Don’t forget to get up and move around at regular intervals. This applies even if you are no longer the most mobile – ask a member of the flight crew to assist you. This is essential to stop joints and muscles seizing up and causing discomfort later on, but also to protect against more serious problems like deep vein thrombosis.

        Find out more

        If you are an older traveller planning a trip abroad, or if you have a long term medical condition, make sure you get the appropriate travel insurance. Avanti Travel Insurance specialises in policies for the over-50s, and offers a range of bespoke insurance for specific medical conditions. To find out more, please visit our website.

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        Would you ever hide money from your partner? If you answered yes, turns out you’re not alone. In a new study by AutoEurope.co.uk it was discovered that around 25% of people studied have a secret amount of money stashed away from their partner, which is, on average, over £4200 for men and a little more than £2700 for woman. While people are saving this secret money for a variety of reasons, I was really surprised to read that 27% of people are saving for a secret holiday – often without their partners. I personally feel that relationships are built on trust and so if these savings are really secret, it’s a very concerning sign for the relationship.

        23% of people studied said that they had money in hiding incase the relationship falls apart, in order to get life started again. While I can understand getting prepared, I really think it’s important any personal savings you have are not a secret and if you can’t share that information with your partner, it’s probably a clear sign you should consider ending the relationship.

        Almost 30% of the respondents said they felt guilty for hiding money from their significant other while in contrast 36% said they were doing it for the good of the family. Perhaps due to fears of the partner spending the money irresponsibility or for some addiction, such as alcoholism or gambling. While 57% of respondents said they would be delighted if they found their partner had a secret stash, 42% said they would be furious, which is exactly how I would feel if I found out my partner had money hidden from me.

        I personally find money to be such a sensitive topic in relationship and feel that it’s important that each partner have a certain amount of money each month which is theirs to do with what they please. This is important to maintain financial independence and to ensure that you don’t have to ask permission for every little thing you wish to buy. However, I think it’s important to be transparent about any personal savings you have and the intention you have for them. The only time I personally feel it’s appropriate to hide your savings is in the case of an addiction to drugs, alcohol or gambling, where you cannot trust your partner to take care of the money. I think secrecy with money can flow into other areas of your relationship, making lies and deceit seem normal, when it has no place in a healthy relationship.

        Would you hide money from your partner in order to plan a holiday for yourself without them? Leave your comments down below!

        Secret-savers (3)

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        Road trips are one of my favourite ways to travel: you have the convenience of your own car, you’re able to go where you want when you want, and you can decide exactly where you want to go. All you need is some good quality snacks, a great sound track and good company and you’re set to go. But where? Well, the truth is you’ll be spoiled for choices within Europe. In general the road quality is great, there’s lots of scenic routes you can take, and there’s so many hot spots you’ll struggle to choose where you want to go most. Yourparkingspace have done the hard research for us and found a great selection of the best and most scenic roads in Europe, they’ve even made a cool infographic that I’ll be sure to post at the end of the post, so don’t forget to check it out.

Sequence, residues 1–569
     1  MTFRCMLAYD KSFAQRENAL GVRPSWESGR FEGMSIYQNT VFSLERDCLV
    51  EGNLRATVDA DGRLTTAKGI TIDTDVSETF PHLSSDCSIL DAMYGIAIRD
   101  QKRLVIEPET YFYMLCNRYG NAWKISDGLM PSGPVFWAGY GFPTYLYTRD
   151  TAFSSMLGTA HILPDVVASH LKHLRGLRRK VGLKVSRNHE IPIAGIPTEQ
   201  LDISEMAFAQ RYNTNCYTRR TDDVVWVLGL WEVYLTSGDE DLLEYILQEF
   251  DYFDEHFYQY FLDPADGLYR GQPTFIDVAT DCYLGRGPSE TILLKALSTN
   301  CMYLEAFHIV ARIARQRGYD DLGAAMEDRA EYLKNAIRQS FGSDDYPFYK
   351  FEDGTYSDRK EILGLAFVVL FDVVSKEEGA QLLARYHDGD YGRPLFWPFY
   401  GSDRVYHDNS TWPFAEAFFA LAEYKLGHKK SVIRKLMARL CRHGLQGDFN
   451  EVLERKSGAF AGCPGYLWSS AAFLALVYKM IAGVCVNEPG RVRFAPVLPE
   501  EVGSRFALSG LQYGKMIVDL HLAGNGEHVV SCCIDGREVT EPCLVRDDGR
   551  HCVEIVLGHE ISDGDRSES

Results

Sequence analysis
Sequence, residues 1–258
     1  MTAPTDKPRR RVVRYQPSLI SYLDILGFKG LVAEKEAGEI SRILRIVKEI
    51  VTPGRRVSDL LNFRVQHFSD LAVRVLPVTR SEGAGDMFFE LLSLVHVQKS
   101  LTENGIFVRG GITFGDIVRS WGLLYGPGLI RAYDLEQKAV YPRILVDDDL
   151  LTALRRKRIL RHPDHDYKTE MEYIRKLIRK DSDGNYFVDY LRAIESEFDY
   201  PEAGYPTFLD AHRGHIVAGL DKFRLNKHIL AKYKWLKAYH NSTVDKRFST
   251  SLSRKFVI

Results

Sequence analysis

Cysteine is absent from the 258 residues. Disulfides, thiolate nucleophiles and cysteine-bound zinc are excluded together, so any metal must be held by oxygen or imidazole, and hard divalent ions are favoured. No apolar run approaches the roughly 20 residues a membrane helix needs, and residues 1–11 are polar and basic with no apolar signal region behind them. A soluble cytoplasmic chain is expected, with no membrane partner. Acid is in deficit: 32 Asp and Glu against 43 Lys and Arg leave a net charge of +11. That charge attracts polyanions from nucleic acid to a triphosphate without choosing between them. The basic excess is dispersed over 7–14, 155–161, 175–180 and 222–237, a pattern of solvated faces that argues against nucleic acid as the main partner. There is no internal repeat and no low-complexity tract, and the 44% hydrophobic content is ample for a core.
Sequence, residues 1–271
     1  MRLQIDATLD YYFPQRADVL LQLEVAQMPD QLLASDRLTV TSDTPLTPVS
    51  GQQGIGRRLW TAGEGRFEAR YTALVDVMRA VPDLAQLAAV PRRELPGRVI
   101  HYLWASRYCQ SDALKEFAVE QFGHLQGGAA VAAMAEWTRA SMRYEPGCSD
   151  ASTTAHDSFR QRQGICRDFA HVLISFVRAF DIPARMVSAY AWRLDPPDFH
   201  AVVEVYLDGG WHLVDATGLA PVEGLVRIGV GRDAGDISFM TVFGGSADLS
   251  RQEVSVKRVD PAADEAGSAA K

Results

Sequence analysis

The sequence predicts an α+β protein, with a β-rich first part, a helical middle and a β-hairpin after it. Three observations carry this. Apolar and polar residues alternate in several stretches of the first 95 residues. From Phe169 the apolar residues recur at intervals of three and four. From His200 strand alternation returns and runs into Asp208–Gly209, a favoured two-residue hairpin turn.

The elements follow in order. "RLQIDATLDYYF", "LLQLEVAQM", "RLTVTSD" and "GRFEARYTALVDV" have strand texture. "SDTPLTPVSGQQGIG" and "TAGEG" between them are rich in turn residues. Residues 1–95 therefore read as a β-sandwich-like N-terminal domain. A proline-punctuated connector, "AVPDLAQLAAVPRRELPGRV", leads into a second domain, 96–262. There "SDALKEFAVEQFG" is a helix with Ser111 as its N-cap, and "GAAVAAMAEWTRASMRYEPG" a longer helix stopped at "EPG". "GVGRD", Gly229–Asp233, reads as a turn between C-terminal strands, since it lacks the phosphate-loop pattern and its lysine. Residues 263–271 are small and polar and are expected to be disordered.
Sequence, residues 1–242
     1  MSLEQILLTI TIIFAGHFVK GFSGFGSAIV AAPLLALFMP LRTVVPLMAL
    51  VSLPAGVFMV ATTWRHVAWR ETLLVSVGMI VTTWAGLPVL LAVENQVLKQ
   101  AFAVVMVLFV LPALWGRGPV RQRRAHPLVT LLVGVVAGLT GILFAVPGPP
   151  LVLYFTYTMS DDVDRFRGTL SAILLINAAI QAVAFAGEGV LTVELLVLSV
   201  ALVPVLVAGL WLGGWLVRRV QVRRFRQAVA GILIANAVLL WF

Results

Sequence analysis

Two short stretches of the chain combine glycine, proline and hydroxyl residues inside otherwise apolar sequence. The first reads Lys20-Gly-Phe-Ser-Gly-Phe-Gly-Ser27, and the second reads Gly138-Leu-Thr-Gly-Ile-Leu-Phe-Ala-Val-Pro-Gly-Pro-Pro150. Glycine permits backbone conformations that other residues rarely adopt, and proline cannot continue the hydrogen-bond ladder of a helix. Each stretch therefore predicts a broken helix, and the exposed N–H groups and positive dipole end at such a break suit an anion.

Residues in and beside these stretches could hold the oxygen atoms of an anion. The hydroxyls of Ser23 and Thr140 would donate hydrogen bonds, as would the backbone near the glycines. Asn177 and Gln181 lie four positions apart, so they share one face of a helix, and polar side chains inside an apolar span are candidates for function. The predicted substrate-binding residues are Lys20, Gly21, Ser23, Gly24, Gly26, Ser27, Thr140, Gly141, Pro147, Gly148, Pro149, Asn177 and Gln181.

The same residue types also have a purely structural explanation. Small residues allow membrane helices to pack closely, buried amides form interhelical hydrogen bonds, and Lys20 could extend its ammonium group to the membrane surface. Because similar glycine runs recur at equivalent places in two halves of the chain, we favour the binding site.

Without further ado, here are some of the best road trip routes in Europe:

        1. Old Military Road A93 & A939, Scotland
        Many say this is the best driving route in all of the UK, for a variety of reasons. First it’s a pretty short length of drive (around 2 hours) but is filled with a few national treasures such as Cairngorms National Park, Balmoral Castle and Lecht Ski School. You’ll have an opportunity to hopefully see some of the wildlife in the Highlights, so keep your eyes on the road. You’re likely to see deer, snow rabbits and maybe even grouse.

        2.Susten Pass, Switzerland
        Often considered one of the most scenic roads in the entire world, here you’ll see roads curving through the valleys while you edge towards the summit which is an impressive 2,224 meters. This is another short drive, only taking around an hour, but it will probably you take much longer as there’s lots of scenic places to stop along the way for a great photo opportunity.

        3. Route 500, the Black Forest Germany
        This road is particularly popular with motorcyclists, probably in part because the roads are winding and provide interesting views along the way. You’ll pass through dense forest areas, find yourself with elevated views and space to park. At times this road can be quite busy, so traveling earlier int he day can be a good way to avoid congestion. This trip takes around 53 mins, covers 31.1 miles and passes by Hornisgrinde Mountain, Geroldsau Waterfalls and Lichtenthal Abbey.